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SCUTTLEBUTT 1460 - November 18, 2003

Powered by SAIC (, an employee-owned company. Scuttlebutt is a
digest of major yacht racing news, commentary, opinions, features and dock
talk . . . with a North American focus. Corrections, contributions, press
releases, constructive criticism and contrasting viewpoints are always
welcome, but save your bashing and personal attacks for elsewhere.

Finally! After years of debate including an excellent thread or two in
Scuttlebutt, the drop race is being dropped from Olympic scoring. One can't
blame Ben Ainsle and others for being a bit upset when the decision was
taken less than a year before the next Games. Nor can one understand why
the sole justification given for the decision was "to make the sport more
understandable and exciting for the media" (by simplifying scoring and
assuring that the last race always counts). While important, forget for a
moment about the media -- it improves the regatta for the competitors as a

+ OCS (premature starter / general recall) problems will all but end as
sailors become much less willing to risk being over early, and those who
are OCS will for for sure return to re-start which clears the first leg for
those who started properly;

+ the leader can no longer use a throw-out race to "match race the
nearest competitor into the tank;"

+ competitors will take even better care of their equipment, and be more
resourceful in fixing on-course breakdowns; and

+ rules compliance in general will improve -- after a foul competitors
will more likely take a 720, and be less likely to make the risky move to
begin with.

As to DNF's resulting from a clear failure of supplied equipment through no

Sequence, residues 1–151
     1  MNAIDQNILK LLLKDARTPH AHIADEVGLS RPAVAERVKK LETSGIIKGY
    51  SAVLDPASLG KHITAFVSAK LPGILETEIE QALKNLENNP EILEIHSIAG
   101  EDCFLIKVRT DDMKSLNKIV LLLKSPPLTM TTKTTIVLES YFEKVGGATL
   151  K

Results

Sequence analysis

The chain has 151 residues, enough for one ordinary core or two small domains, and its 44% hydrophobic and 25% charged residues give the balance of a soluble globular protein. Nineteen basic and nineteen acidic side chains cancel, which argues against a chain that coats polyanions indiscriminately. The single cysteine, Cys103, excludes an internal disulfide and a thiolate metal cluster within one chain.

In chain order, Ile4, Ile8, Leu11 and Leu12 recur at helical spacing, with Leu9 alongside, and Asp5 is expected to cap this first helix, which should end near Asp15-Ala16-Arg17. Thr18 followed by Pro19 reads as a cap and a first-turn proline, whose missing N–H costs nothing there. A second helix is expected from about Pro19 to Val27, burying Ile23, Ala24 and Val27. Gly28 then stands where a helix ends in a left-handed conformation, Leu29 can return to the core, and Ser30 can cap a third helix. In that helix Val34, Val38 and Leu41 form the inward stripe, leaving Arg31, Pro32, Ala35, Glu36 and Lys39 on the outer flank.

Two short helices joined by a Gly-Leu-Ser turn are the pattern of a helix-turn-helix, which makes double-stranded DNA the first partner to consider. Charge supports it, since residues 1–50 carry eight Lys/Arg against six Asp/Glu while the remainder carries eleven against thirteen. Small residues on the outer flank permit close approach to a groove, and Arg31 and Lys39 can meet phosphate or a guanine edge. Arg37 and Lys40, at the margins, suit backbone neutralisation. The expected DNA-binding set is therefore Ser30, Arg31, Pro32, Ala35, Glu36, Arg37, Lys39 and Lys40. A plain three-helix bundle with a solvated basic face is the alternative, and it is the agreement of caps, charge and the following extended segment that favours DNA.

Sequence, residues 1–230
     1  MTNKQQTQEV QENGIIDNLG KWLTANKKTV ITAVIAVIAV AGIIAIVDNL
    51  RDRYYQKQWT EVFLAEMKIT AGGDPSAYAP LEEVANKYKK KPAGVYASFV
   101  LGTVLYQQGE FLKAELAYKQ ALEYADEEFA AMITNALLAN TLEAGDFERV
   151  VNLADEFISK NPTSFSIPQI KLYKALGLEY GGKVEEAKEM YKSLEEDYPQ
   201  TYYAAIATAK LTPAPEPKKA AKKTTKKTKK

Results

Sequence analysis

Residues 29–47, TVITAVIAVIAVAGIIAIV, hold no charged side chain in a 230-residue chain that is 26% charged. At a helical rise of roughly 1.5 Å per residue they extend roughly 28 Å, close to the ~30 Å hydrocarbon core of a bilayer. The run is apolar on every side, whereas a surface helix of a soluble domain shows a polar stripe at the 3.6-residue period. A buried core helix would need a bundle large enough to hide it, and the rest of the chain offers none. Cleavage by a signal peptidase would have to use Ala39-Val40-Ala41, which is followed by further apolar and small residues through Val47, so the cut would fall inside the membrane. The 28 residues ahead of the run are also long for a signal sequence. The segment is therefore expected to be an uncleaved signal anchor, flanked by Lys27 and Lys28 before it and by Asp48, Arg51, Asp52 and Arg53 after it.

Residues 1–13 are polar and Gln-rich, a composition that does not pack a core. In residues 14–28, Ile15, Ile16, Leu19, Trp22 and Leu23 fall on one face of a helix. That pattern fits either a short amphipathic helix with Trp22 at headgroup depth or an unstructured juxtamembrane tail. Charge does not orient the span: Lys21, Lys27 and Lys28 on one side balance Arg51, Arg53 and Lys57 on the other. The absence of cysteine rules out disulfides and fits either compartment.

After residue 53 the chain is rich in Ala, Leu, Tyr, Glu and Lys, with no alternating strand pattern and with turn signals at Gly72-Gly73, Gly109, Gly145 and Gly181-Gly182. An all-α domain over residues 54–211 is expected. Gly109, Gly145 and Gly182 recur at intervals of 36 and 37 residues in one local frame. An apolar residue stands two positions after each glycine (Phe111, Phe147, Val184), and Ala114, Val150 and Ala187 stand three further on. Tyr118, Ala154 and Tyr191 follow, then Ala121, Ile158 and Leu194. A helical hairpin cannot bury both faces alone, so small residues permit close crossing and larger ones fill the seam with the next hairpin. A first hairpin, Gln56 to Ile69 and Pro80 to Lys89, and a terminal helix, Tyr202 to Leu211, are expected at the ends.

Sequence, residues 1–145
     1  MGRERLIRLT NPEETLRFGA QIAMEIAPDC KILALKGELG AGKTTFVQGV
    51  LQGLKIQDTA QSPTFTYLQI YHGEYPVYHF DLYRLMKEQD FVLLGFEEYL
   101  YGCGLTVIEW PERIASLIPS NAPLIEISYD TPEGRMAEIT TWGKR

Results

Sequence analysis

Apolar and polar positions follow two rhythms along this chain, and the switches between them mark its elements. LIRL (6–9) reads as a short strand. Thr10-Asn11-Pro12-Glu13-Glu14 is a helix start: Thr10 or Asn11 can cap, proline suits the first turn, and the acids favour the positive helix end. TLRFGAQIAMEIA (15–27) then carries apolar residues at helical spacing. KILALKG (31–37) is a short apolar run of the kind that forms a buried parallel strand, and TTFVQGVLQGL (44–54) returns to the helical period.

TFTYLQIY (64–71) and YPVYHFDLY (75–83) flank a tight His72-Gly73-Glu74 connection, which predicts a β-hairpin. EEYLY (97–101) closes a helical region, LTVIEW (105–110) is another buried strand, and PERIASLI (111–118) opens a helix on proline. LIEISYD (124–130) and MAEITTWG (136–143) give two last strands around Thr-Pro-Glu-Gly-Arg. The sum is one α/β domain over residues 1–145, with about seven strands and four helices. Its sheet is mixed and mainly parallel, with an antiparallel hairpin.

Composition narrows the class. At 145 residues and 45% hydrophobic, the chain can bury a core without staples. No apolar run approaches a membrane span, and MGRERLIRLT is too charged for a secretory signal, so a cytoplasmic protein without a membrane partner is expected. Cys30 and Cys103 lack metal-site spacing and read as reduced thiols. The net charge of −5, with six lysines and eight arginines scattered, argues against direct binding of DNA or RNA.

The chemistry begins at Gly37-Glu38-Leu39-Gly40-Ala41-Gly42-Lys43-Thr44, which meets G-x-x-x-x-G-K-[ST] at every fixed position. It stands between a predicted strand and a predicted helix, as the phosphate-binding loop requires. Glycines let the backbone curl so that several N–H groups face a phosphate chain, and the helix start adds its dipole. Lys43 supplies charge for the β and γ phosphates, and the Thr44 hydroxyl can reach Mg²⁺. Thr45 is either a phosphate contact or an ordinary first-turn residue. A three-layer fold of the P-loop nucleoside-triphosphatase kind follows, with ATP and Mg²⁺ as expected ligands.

fault of the competitor, they will be able to obtain redress from the jury
same as with any other prejudicial act or omission of the organizing
authority or race committee.

In the "old days" when the Olympic regatta was 7 races and had no 720, a
throw-out made some sense. But with 11 races and a 720 in effect, it does
not. Congrats to ISAF for taking the hard decision, albeit a bit late, and
following the lead of the Farr 40 and other major classes which,
increasingly, are throwing out the throw out. Good riddance. - Tom Ehman
(Olympic judge, 1992 and 1996)

The New York Yacht Club (NYYC) announced the first two entries in the Rolex
Transatlantic Challenge 2005. The race, for the world's largest monohull
yachts, is to start off New York on May 21, 2005. The entries are from very
different ends of the spectrum: the brand-new but already record-breaking
Mari-Cha IV and the venerable but transatlantic-race-winning Sumurun. Both
yachts will be looking to break the 100-year-old transatlantic-race record
of Atlantic, skippered by the legendary Charlie Barr. In 1905 the 185-foot
(56.4m) Atlantic raced from New York to the Lizard in England in 12 days,
four hours, one minute and 19 seconds. That is the oldest race record in

Last month, the 140-foot (42.7m) carbon-fiber canting-keel Mari-Cha IV,
skippered by Robert Miller, of the Royal Yacht Squadron, Cowes, set the
west-to-east transatlantic passage record in six days, 17 hours, 52 minutes
and 39 seconds. During this record-breaking crossing, Robert Miller and his
crew also shattered the 24-hour distance record by sailing 525.7 nautical

Sumurun is skippered by A. Robert Towbin, chair of the NYYC's Rolex
Transatlantic Challenge Committee. In 1997, his 94-foot (28.7m) Fife